What motivates people as they make choices?
Choices made in Pursuing Self-Interest
Perhaps more than anything else, it is the economist’s answer to this question that distinguishes economics from other fields. Economists assume that individuals make choices that they expect will create the maximum value of some objective, given the constraints they face. Furthermore, economists assume that people’s objectives will be those that serve their own self-interest. Economists assume, for example, that the owners of businesses seek to maximize profit. Given the assumed goal of profit maximization, economists can predict how firms in an industry will respond to changes in the markets in which they operate. Due to relatively higher labour costs in the West, for example, economists are not surprised to see firms moving some of their manufacturing operations overseas. Similarly, in studying consumers, economists assume that individual consumers make choices aimed at maximizing their level of satisfaction.
Choices, Opportunity Cost, and Trade–Off
It is within the context of scarcity that economists define, perhaps the most important concept in all of economics, the concept of opportunity cost. Opportunity cost is the value of the best alternative forgone in making any choice.
The opportunity cost is the value of the best other use to which you could have put your time. If you choose to spend $20 on a potted plant, you have simultaneously chosen to give up the benefits of spending the $20 on pizzas or a paperback book or a night at the movies. If the book is the most valuable of those alternatives, then the opportunity cost of the plant is the value of the enjoyment you otherwise expected to receive from the book.
The concepts of scarcity, choice, and opportunity cost are at the heart of economics. A good is scarce if the choice of one alternative requires that another be given up. The existence of alternative uses forces us to make choices. The opportunity cost of any choice is the value of the best alternative forgone in making it. This is the trade-off that individuals face in making choices. As decision-makers, we have to make trade-offs on what we do with finite resources.
Choices and Marginal Thinking
Economists argue that most choices are made “at the margin.” The margin is the current level of activity. Think of it as the edge from which a choice is to be made. A choice at the margin is a decision to do a little more or a little less of something. Assessing choices at the margin can lead to extremely useful insights.
Consider, for example, the problem of curtailing water consumption when the amount of water available falls short of the amount people now use. Economists argue that one way to induce people to conserve water is to raise its price. A common response to this recommendation is that a higher price would have no effect on water consumption because water is a necessity. But choices in water consumption, like virtually all choices, are made at the margin. Individuals do not make choices about whether they should or should not consume water. Rather, they decide whether to consume a little more or a little less water.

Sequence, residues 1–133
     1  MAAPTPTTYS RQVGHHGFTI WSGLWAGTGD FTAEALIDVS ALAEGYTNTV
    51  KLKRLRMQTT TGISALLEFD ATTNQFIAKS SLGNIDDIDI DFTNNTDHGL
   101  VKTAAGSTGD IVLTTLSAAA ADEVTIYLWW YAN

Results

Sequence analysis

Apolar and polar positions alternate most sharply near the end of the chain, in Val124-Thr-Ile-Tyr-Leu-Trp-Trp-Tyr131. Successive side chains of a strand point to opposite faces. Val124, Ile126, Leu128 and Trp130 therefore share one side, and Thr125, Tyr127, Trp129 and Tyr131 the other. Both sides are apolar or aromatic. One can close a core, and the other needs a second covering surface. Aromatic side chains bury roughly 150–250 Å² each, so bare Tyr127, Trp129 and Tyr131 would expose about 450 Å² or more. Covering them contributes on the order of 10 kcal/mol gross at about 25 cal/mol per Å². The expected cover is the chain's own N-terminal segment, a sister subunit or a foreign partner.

Household water consumption in Canada totals about 329 litres per person per day (McGill University, 2020). Think of that starting point as the edge from which a choice at the margin in water consumption is made. Could a higher price cause you to use less water brushing your teeth, take shorter showers, or water your lawn less? Could a higher price cause people to reduce their use, say, to 328 gallons per person per day? To 327? When we examine the choice to consume water at the margin, the notion that a higher price would reduce consumption seems much more plausible. Prices affect our consumption of water because choices in water consumption, like other choices, are made at the margin.
Marginal Benefit and Marginal Cost
Most decisions involve doing a little more or a little less of something. Such as: should you watch an extra hour of TV, or study instead? Marginal cost and benefit (MC and MB): the additional cost or benefit associated with a small addition to some action. Comparing MC and MB is known as Marginal Analysis.
Marginal analysis is the process of breaking down a decision into a series of ‘yes or no’ decisions. More formally, it is an examination of the additional benefits of an activity compared to the additional costs incurred by that same activity. If benefits > costs, this is the right choice for a rational thinker.
Marginal analysis is an essential concept for everything we learn in economics because it lies at the core of why we make decisions. We have just scratched the surface of it now but will go more in-depth in Chapter 2.
“1.2 The Field of Economics” Principles of Macroeconomics by University of Minnesota is licensed under a Creative Commons Attribution-NonCommercial-ShareAlike 4.0 International License, except where otherwise noted.
McGill University. (2022). Water is Life! How much are we using? https://www.mcgill.ca/waterislife/waterathome/how-much-are-we-using